Britain’s unique take on humor may seem baffling at first. Heavy on self-deprecation, almost undetectable sarcasm, and constant deadpan delivery, British humor can feel like a whole new language. But fear not, we’ve put together a beginner’s guide to understanding (and using!) it.
Laugh at yourself
The key to understanding British humor is knowing not to take yourself too seriously. There is no room for egos in British humor.
Comedians to look out for: Jon Richardson, Richard Ayoade, Jack Whitehall and Sarah Millican
TV shows to check out: Would I Lie to You?
Wait, were they joking?
Sarcasm and irony are ingrained in DNA of British people. They can leave you wondering as to whether it was indeed a joke (or not?)
Sarcasm can be hard to spot in a new language and a new culture, and in Britain the usual clues of hyperbole (exaggeration) and an overemphasis on adjectives are stressed even less, making it harder to pick up. Luckily, sarcasm is used so often in day-to-day life that you will soon be a natural at detecting it. Be sure to use the tone, context and non-verbal clues such as the proud smile that spreads across the speakers face (Brits struggle to hide their delight at a perfectly timed sarcastic comment) as a guide.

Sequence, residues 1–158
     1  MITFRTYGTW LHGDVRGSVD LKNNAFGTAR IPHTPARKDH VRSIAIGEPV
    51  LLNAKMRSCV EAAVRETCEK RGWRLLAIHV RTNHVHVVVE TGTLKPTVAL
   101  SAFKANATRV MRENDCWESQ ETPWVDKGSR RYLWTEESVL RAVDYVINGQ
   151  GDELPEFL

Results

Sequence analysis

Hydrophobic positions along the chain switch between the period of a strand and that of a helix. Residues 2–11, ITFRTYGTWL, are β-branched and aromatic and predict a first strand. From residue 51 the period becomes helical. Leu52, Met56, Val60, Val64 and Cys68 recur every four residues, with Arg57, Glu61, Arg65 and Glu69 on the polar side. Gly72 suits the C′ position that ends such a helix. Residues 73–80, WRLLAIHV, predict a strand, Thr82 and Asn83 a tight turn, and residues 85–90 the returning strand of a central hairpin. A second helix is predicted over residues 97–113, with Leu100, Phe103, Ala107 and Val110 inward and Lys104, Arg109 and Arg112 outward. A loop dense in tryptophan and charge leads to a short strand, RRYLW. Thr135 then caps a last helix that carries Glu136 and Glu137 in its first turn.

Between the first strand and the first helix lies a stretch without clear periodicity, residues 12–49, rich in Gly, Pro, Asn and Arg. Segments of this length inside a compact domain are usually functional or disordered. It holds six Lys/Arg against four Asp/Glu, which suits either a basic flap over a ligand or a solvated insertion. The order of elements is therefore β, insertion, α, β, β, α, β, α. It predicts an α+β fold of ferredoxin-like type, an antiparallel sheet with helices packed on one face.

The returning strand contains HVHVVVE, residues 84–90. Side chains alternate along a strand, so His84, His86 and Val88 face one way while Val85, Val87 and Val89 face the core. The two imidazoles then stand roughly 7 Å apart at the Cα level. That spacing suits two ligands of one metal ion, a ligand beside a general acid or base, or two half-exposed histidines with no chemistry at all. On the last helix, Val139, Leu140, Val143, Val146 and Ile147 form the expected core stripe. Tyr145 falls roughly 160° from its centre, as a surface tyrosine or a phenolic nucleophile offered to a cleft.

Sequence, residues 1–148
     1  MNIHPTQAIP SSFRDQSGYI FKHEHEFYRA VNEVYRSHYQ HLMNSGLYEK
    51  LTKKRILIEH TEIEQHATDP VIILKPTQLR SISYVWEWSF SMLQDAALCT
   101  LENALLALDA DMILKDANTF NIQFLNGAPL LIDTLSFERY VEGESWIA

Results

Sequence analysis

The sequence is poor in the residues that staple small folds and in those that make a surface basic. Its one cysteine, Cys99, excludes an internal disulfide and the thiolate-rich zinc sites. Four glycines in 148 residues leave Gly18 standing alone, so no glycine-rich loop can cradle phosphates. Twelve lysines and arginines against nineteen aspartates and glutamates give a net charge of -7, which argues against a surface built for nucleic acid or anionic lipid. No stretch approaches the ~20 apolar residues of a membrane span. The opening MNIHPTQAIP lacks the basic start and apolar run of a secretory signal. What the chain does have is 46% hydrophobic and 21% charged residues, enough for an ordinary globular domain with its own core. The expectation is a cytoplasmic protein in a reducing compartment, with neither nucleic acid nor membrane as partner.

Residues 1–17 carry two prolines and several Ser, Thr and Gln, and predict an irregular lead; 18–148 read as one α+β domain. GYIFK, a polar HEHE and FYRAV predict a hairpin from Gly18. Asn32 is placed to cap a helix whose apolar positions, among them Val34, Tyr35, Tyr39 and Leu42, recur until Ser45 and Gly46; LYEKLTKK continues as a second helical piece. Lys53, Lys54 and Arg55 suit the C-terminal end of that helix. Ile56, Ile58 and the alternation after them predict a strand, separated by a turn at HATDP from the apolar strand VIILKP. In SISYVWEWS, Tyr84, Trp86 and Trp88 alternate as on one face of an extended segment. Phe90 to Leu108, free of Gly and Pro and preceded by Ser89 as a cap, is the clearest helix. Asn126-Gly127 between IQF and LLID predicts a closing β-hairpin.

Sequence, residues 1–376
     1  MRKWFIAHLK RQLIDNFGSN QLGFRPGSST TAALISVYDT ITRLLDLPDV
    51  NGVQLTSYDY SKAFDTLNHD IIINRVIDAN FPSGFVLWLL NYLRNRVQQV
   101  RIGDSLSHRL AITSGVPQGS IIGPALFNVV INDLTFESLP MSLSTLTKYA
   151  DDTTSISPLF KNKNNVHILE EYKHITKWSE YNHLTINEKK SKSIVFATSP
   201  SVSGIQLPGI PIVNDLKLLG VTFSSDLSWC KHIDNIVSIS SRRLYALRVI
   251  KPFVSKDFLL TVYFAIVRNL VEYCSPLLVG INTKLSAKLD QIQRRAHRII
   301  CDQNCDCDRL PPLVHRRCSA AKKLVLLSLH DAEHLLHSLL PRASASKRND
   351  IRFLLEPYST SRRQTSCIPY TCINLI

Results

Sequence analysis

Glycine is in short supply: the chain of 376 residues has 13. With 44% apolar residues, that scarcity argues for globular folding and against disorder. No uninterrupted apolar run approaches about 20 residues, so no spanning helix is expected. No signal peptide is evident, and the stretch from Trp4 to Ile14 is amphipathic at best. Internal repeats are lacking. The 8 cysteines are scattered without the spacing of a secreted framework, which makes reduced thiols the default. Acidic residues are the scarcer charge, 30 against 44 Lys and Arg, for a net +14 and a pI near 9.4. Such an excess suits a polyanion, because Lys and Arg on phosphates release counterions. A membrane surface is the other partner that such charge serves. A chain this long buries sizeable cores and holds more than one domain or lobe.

Comedians to look out for: Jack Dee, David Mitchell and Stewart Lee
TV shows to check out: The Thick of It, The IT Crowd, The Office
Don`t take everything too seriously
Brits are famous for being very, very polite, but a surefire sign that a Brit likes you is if they happily ‘offend’ you with the occasional comment. These are not mean-spirited statements, but rather a playful exchange of verbal sparring delivered with a smiling face and no apology. It can be used to make light of differences with new friends in an attempt to spark conversation.
Comedians to look out for: Ricky Gervais, Lee Nelson and Simon Amstell
TV shows to check out: The Inbetweeners, Friday Night Dinner and Peep Show
British people find humor in almost everything
Brits use humor to lighten even the most unfortunate, miserable moments. There are few subjects they don’t joke about. It’s not used to shock and offend but rather because Brits turn to laughter as a form of medicine when life knocks them and those around them down. In most cultures, there is a time and place for humor. In Britain, this is not the case.
Comedians to look out for: Jimmy Carr, Billy Connolly and Micky Flanagan
TV shows to check out: Little Britain and Black Books
Despite Britain’s reputation as a rather serious place, humor really is the nation’s default setting – British are always looking to spice up our day with a sprinkle of laughter